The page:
In this article, we will present two case studies of language and cultural practices that are part of or strongly related to carnival, in the Dutch peripheral province of Limburg, and more precisely in the southern Limburgian city of Heerlen, which in turn is considered peripheral vis-à-vis the provincial capital Maastricht. We will consider carnival as a political force field in which opposing language and cultural practices are involved in the production of belonging as an official, public-oriented 'formal structure' of membership, and belonging as a personal, intimate feeling of being 'at home' in a place (place-belongingness) (Antonsich 2010; Yuval-Davis 2006). In the case studies presented here, we take seriously the idea that ideology, linguistic form and the situated use of language are dialectically related (Silverstein 1985). In doing so, we wish to transcend disciplinary boundaries between anthropology and (socio)linguistics in Europe.

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BOY

Linguistic Anthropological Notes

Diederik F. Janssen

This article proposes a linguistic anthropological approach to the notion BOY, drawing attention to diverse research methods including etymology, onomasiology, corpus analysis, semantics, discourse analysis, sociolinguistics, and comparative ethnolinguistics. As a popular and flexible lexical device, BOY may function as an operator on the received nature of manhood (by rendering it contingent on the discourse and narrative of development), but also as a possible aid in its ever-imminent bankruptcy by disengaging its stylistics from essentialist understandings of both gender and life phase. BOY, thus, lies at the heart of discussions about masculinity as it relates to performativity, language, and discourse, but, in important ways, it also exceeds and contests the confinements of gender/masculinity research.

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Appropriations and Contestations of the Islamic Nomenclature in Muslim North India

Elitism, Lexicography, and the Meaning of The Political

Jan-Peter Hartung

This article comprises a twofold attempt: the first is to establish a semantic field that revolves around the concept of siyāsat—roughly equivalent to the political—in Muslim South Asia; the second is to trace semantic shifts in this field and to identify circumstances that may have prompted those shifts. It is argued here that the terms that constitute the semantic field of the political oscillate between two sociolinguistic traditions: a strongly Islamicate Arabic one, and a more imperially oriented Persian one. Another linguistic shift is indicated with the replacement of Persian by Urdu as the dominant literary idiom in and beyond North India since the eighteenth century. The aim is to serve only as a starting point for a more intensive discussion that brings in other materials and perspectives, thus helping to elucidate the tension between normative aspirations by ruling elites and actual political praxes by variant socioeconomic groups.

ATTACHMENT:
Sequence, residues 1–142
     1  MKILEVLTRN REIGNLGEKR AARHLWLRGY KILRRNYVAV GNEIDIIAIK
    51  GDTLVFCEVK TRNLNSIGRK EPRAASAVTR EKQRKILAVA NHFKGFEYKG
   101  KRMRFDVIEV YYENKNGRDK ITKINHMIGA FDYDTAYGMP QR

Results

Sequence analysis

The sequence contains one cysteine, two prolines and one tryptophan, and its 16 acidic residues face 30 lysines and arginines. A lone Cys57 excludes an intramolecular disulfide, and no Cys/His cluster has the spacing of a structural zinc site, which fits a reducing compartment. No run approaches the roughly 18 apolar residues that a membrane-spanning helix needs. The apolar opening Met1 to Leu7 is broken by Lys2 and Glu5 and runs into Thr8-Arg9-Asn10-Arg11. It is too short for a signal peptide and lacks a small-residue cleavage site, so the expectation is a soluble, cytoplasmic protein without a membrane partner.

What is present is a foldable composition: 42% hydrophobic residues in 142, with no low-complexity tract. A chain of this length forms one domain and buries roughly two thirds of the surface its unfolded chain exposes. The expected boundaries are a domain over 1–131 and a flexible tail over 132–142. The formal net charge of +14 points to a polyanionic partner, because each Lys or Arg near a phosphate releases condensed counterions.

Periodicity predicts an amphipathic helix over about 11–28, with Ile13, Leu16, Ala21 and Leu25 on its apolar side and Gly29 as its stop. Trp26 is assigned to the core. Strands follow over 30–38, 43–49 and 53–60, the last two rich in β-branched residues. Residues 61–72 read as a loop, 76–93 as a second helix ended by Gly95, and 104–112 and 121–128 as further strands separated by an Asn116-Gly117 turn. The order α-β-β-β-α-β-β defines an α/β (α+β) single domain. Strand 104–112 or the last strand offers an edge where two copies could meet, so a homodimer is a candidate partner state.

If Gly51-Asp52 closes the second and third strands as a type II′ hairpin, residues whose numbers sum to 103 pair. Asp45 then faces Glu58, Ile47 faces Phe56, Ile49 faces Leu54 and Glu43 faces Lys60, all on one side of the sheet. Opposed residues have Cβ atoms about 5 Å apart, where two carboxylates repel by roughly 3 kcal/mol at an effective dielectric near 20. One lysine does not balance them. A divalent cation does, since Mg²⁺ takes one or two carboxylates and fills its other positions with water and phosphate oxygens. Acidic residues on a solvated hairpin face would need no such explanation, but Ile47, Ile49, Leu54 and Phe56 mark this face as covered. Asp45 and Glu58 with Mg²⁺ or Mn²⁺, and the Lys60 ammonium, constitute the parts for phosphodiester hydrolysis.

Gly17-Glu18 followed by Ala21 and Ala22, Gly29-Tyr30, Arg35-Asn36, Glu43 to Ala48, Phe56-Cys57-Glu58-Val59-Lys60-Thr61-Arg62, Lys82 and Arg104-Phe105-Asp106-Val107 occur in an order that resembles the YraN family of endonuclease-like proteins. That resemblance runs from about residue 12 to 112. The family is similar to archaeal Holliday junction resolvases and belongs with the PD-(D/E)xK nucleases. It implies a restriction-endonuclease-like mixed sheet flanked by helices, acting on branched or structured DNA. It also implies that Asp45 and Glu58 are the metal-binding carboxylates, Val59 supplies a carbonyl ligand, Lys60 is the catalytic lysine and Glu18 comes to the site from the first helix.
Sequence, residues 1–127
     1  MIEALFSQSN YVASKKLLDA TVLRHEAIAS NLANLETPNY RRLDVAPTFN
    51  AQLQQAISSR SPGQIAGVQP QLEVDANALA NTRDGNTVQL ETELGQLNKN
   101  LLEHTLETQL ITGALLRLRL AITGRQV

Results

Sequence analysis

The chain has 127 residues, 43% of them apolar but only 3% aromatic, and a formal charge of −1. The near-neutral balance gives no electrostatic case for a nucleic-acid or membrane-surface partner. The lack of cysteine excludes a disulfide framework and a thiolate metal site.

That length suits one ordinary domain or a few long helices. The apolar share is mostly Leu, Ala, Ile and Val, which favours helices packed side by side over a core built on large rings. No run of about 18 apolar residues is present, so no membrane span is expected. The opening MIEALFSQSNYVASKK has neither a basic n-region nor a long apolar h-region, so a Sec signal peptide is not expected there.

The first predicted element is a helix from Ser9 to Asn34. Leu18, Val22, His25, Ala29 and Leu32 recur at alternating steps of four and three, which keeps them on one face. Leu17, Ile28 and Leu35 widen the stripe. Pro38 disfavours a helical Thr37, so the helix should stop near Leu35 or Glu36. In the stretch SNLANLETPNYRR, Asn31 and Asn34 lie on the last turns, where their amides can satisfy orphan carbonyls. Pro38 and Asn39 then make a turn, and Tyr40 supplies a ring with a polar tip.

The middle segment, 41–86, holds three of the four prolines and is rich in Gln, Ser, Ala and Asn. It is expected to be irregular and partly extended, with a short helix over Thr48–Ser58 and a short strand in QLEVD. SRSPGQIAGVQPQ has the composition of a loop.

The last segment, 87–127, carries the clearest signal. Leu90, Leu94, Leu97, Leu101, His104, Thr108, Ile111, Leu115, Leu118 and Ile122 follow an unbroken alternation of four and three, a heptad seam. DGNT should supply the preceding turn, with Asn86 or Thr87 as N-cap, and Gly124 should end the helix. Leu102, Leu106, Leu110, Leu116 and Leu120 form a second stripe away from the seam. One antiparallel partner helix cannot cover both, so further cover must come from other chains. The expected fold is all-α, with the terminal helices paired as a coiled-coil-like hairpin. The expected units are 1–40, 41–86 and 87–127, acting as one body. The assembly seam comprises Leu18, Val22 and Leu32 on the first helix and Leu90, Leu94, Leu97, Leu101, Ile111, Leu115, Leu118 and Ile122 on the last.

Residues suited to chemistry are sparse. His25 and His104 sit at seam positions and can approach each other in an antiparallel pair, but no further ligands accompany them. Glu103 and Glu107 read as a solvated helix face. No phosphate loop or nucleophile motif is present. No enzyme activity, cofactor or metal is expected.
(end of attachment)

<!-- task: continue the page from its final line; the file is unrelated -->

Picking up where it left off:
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Thomas M. Lekan, Imagining the Nation in Nature: Landscape Preservation and German Identity, 1885-1945 (Cambridge, Mass.: Harvard University Press, 2004)

Review by Geoff Eley

Eli Nathans, The Politics of Citizenship in Germany: Ethnicity, Utility and Nationalism (Oxford/New York: Berg, 2004)

Review by Tobias Brinkmann

Kolinsky, Eva, and Hildegard Maria Nickel, eds., Reinventing Gender: Women in Eastern Germany since Unification (London, Portland: Frank Cass, 2003)

Review by Katrin Sieg

William Glenn Gray, Germany's Cold War: The Global Campaign to Isolate East Germany, 1949-1969 (Chapel Hill/London, 2003)

Review by Clay Clemens

Peter C. Caldwell, Dictatorship, State Planning, and Social Theory in the German Democratic Republic (Cambridge and New York, 2003)

Review by Henry Krisch

Patrick Stevenson, Language and German Disunity: A Sociolinguistic History of East and West in Germany, 1945 – 2000 (New York: Oxford University Press, 2002)

Review by Heidi Byrnes

Stuart Taberner and Frank Finlay, eds., Recasting German Identity: Culture, Politics, and Literature in the Berlin Republic (Rochester: Camden House, 2002)

Review by Kris Thomas Vander Lugt